Speaker : is Mr B. G. Verghese .
Profile :Doyen among English language journalists in India, who has had a ringside view of the most historic events affecting independent India. He has occupied senior positions as Information Advisor to the Prime minister, and Information Assistant to the Defence Minister. he has recently published his memoirs, titled First Draft, which has been reviewed favourably by most journals and newspapers.
Topic: He would be making his observations on the economic progress of the country that has not eased the social strains in Indian society – a contradiction in terms.
His Good quality you may download from net .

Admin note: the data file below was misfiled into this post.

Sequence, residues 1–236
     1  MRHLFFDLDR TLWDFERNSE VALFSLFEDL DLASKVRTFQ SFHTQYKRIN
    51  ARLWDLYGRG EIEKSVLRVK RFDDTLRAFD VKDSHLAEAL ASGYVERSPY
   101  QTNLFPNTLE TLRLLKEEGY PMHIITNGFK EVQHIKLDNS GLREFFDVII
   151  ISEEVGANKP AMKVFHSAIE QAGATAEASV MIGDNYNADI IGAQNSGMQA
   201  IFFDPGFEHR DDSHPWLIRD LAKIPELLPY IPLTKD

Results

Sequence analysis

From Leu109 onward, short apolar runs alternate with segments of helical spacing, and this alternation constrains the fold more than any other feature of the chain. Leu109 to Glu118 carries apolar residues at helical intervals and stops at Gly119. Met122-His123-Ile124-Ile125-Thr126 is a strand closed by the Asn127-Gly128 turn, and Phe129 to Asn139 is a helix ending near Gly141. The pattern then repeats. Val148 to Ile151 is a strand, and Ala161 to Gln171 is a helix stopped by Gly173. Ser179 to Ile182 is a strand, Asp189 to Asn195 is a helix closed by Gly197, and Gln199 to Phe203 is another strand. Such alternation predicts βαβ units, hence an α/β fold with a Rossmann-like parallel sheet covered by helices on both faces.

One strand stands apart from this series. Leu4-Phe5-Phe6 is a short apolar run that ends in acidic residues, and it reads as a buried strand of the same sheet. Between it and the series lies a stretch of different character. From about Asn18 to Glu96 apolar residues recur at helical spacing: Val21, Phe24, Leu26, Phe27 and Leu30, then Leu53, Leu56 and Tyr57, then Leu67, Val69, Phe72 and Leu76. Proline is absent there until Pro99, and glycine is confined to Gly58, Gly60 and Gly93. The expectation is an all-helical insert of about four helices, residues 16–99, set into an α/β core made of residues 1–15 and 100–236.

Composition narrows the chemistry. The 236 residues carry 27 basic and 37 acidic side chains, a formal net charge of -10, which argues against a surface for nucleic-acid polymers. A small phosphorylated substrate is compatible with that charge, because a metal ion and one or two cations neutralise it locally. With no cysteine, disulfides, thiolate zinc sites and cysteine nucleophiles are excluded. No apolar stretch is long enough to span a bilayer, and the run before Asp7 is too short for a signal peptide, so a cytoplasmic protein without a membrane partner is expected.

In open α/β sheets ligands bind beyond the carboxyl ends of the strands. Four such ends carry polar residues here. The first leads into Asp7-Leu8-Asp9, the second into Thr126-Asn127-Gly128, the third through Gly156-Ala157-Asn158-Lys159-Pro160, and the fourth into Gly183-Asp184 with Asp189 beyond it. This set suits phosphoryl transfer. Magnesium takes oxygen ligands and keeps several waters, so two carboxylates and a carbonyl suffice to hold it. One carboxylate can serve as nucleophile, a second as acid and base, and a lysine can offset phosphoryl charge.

India’s best known journalist and author , Mr B. G. Verghese, spoke to the students of the Indira Group of Institutes, Pune on Tuesday, 23 November, 2010 on the subject : Economic Gains and Social Strains-The Way Out. Organised by Tapasya, the triannual journal brought out by the Group, the Series intends to bring India’s best known minds, from the world of business, politics, arts, journalism, and science and technology, to interact with the students on the substance of their work during their lifetime. The most credible of Indians who have an unimpeachable credibility and record of service to the nation are invited under the Series in order that they become role models for the youth and to inspire them to take up nation building as a mission. The Series was initiated in 2009 with the inauguration by Mr R. Gopalakrishnan, Executive Director, Tata Sons Ltd.